Microsoft makes a place for Windows in the cloud

A month ago I wrote that VMware is ahead of its time due to their cloud vision and the "New Stack" that was laid out at VMworld.

A month ago I wrote that VMware is ahead its time due to their cloud vision and the "New Stack" that was laid out at VMworld. The "New Stack" is so different, in fact, that I got the feeling that VMware feels like there's no place for Windows in the cloud.

Last week, Microsoft announced that they feel differently. At their Professional Developers Conference, Microsoft revealed (Alessandro, MSDN)  the Windows Azure Virtual Machine Role for Windows Server 2008 R2, or WAVMRWS2k8R2 :) The VM Role will enable customers to run Windows VMs in the Azure cloud by building VHD images on site and uploading them to Azure, where they can then be accessed via RDP.

The point of the VM Role isn't actually to bring Windows to the cloud, but to provide a migration path for organizations to take advantage of Azure without migrating their applications to an entirely different platform.

We should see a public beta of the VM Role by the end of 2010. Eventually, we'll see the ability to build VM's directly in the cloud (ETA sometime in 2011), as well as support for both Windows Server 2003 and Server 2008 SP2 VM's (also, presumably in 2011).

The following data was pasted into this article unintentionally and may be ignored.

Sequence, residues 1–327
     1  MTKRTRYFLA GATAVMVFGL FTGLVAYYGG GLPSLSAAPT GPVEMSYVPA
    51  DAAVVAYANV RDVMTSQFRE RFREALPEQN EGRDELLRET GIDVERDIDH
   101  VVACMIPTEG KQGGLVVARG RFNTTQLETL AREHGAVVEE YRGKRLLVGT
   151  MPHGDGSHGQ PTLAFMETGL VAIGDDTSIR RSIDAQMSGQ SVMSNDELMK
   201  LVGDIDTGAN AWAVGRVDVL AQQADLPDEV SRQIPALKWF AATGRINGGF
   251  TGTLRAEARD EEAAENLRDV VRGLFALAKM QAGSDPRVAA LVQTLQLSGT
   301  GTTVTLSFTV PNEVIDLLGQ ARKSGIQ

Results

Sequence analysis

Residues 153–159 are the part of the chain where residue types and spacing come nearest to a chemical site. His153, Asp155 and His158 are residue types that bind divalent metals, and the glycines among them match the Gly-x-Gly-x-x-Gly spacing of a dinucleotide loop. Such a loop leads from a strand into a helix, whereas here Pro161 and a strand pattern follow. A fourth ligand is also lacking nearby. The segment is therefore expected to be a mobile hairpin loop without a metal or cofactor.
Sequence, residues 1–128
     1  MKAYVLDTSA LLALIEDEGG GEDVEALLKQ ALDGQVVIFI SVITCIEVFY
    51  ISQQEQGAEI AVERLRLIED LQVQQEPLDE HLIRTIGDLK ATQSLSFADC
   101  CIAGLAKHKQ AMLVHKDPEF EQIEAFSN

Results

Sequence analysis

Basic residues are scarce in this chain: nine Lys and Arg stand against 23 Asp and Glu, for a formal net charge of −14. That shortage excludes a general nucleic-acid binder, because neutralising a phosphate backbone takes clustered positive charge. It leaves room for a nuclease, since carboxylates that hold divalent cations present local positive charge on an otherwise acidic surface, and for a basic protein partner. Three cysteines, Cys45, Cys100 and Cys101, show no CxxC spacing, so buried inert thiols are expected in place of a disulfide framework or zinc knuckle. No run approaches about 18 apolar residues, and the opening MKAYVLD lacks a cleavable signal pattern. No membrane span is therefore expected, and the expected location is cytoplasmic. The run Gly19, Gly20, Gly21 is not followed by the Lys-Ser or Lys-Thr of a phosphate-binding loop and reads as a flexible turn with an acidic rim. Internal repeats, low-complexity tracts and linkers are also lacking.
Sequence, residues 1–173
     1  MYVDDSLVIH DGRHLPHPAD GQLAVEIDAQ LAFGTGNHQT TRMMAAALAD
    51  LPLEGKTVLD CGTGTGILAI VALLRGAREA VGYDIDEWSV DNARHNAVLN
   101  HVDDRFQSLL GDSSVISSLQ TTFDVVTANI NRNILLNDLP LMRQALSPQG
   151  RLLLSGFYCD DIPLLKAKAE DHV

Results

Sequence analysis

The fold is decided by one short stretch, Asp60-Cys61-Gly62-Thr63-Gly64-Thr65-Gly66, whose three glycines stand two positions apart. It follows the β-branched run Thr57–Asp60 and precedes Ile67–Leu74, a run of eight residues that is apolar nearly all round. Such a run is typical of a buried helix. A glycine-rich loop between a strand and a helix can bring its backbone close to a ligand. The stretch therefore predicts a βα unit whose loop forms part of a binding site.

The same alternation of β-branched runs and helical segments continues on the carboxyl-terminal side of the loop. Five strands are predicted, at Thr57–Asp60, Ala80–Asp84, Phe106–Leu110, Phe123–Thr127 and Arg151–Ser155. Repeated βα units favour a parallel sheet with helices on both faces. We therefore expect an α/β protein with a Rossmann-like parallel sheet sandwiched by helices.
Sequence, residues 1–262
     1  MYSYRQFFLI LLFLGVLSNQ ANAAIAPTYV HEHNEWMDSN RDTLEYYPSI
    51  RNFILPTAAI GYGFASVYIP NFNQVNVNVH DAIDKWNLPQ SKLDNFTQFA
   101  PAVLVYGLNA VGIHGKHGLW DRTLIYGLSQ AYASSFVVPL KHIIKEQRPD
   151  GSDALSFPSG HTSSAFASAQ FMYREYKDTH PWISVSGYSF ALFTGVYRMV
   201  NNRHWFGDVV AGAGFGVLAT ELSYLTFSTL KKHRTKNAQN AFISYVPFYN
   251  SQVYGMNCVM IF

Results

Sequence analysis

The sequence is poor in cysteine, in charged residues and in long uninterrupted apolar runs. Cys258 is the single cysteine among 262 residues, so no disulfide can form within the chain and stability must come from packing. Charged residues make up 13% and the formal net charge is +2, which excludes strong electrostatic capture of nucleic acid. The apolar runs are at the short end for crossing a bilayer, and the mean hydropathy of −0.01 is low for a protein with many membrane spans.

Also mentioned (again) is Server App-V, which we've been waiting to see materialize for at least two years now. Server App-V will allow you to provision applications to servers the same way that you provision them to desktops using App-V today. With regards to the cloud, however, Microsoft announced that Server App-V will allow you to deploy these applications directly to the cloud without packaging them in a VM or rewriting them. Server App-V is expected to be available as a tech preview by the end 2010, with a final release in the second half 2011.

The fact that these two announcements happened at a developers conference is no mistake. Microsoft is banking Azure and their entire cloud model on the legions of Visual Studio developers in the world. If Microsoft only allowed new applications to run on Azure, there would essentially be two isolated groups of VS coders, one for Azure and one for regular old Windows apps. That's the kind of situation that would give VMware a leg up in the future cloud world.

These latest developments show that Microsoft plans to still be relevant in the future by allowing the developers to continue doing what they've always done, instead of learning something new and rewriting all of their code. How this applies to desktops remains to be seen, but you can bet that keeping Microsoft relevant as the world moves towards IaaS, Paas, and all the other cloud models is good for us all. What do you think? Is Microsoft poised to keep Windows going, or just delaying the inevitable?

Join the conversation

7 comments

Send me notifications when other members comment.

Please create a username to comment.